Traitor

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Action Movie with a Brain… Kind of

Starring: Don Cheadle, Guy Pearce

By Robert Patrick

Don Cheadle is a remarkably gifted actor who, despite his acceptance of sometimes bad screenplays, always comes off as an unabridged force of talent. He can be seemingly effable in the face of bigger star power, see the Ocean’s franchise, but the man is not just a unique supporting cog, he’s a dominant player in today’s cinema. In Traitor, Cheadle’s newest project, he plays an ex-soldier battling both religion and war. An archaic dichotomy that, no matter how many times we’ve seen it in civilization, always turns its troubled head again.

Samir Horn (Cheadle) is a shrouded figure with a muted past. A mastermind of explosives, well trained in hand-to-hand combat, and, worst of all, potentially troubled, our main character is a cloaked dagger in the black market. Horn is stoic, even contemptuous at times, but he still believes in his religious faith – something that his father, a religious man himself, instilled in him during a young age.

When terrorist activities emerge throughout the world, and end up threatening American soil, FBI agent Roy Clayton (Guy Pearce) plays his hand against a suspect Horn, since the Yemen born weapon seller is having his name dropped repeatedly by terrorist cells.

Unbeknownst to Clayton, our potential protagonist isn’t exactly what he seems, thus beginning a mysterious chase around the continent for answers.

Traitor, which deals with religion, most specifically the Koran and its followers, has a lot of heavy subject matter weighing down on its buckling knees. We are shown two different sides of the Muslim world, each faction believing wholly in their system of interpretation, while still being faithful to their god. This is a movie, no doubt, that will come under acclaim and dismissal, hatred and praise. It is, under its beefy action physique, a movie about morality, destiny, and belief. Director Jeffrey Nachmanoff is digging his fists deep into the sand of current events for this film, hands that sometimes let their goals slip through their fingers, but hands that still try all the same to build something of worth. The subject of suicide bombers has been made into a far superior movie with that of Paradise Now. Traitor, however, is a movie with more action than ideas, and strains to become relevant because of it, no matter how genuine it tries to be.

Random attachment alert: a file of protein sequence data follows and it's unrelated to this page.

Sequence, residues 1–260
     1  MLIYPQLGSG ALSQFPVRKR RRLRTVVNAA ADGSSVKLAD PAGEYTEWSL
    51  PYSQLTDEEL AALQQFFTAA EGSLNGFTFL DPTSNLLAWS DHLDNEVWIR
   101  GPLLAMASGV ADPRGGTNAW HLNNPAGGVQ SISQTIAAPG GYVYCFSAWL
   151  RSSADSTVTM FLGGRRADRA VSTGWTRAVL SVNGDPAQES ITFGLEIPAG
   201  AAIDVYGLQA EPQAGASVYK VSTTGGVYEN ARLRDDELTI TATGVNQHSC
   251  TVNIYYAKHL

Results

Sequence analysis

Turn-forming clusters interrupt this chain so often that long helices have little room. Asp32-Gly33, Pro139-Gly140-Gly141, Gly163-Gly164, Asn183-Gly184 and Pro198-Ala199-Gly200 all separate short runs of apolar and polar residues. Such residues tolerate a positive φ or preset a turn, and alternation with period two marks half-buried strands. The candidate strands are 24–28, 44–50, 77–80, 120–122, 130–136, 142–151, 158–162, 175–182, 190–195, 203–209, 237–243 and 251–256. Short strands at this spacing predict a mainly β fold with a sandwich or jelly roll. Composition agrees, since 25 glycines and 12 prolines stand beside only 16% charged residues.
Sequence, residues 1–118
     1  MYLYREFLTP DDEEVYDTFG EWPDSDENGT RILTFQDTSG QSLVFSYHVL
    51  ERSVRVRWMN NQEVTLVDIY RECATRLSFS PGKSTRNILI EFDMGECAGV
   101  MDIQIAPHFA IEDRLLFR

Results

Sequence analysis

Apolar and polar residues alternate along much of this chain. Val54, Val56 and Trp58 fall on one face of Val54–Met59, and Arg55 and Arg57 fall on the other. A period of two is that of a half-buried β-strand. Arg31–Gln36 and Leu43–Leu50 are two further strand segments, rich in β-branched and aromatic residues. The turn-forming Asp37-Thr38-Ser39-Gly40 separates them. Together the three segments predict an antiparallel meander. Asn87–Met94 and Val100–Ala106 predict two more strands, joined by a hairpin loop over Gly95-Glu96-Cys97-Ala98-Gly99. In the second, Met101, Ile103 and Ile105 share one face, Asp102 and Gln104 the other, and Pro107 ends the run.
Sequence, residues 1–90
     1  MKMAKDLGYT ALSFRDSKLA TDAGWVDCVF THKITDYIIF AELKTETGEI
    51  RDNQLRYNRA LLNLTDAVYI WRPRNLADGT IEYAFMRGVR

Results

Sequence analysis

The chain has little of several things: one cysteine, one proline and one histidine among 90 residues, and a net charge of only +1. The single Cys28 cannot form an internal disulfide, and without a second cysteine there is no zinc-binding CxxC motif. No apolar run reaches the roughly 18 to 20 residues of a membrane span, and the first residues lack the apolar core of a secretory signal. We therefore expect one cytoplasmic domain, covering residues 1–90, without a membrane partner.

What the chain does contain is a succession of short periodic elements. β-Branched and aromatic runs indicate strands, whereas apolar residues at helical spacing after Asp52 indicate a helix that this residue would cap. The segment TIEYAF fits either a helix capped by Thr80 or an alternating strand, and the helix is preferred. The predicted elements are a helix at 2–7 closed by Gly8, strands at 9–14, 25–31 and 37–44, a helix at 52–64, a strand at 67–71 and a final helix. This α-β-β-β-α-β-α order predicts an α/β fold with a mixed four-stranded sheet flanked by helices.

The biggest burden in this film, aside from the atrocious, sloth like pacing, is that of the writing. If people are doing dramatic things, such grappling with ideology, they probably don’t need bad one liners to help supplement their characteristics and goals, the actions should instead work on their own. Sometimes, when the movie is at its peak, Nachmanoff’s characters feel like real people dealing with society and faith. Most of the time, however, these people seem only content to be driven by stereotypical villain archetypes, archetypes that nullify any type of substantiated character build that they may have had up into that point. It’s hard to concentrate on the psychoanalysis of a person dealing with a crisis when they are reciting cheesy action movie dialogue.

The acting in the movie is better than it need be for such a forgettable script. Cheadle is great as the struggling journeyman, and Pearce is not terrible, which is more than he usually is for me. Jeff Daniels, who briefly co-stars in the film, is a bit too over the top, but he eventually serves his purpose during the climax.

All in all, Traitor is a decent movie that peters out somewhere between engaging and abhorrently pedestrian. I guess that makes it average. I only wish, that if in the future this director deals with such an important topic again, that he not be combative against his own goal to enlighten his audience.

2.
5/5

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Author: Rob Patrick

A member of the San Diego Film Critics Society, Rob created Cinema Spartan after he stepped down as the editor of a weekly. He has written for The East County Californian, The Alpine Sun, The East County Herald, The San Diego Entertainer, and the San Diego Reader. He has also introduced films with the Pacific Arts Movement. He co-owns two dire wolves, Buckley and Ruffin. At any given time, he can tell you superfluous hockey statistics. He is the chancellor of Tapatio, an advocate of iced tea, and an owner of at least 70 pairs of Vans.

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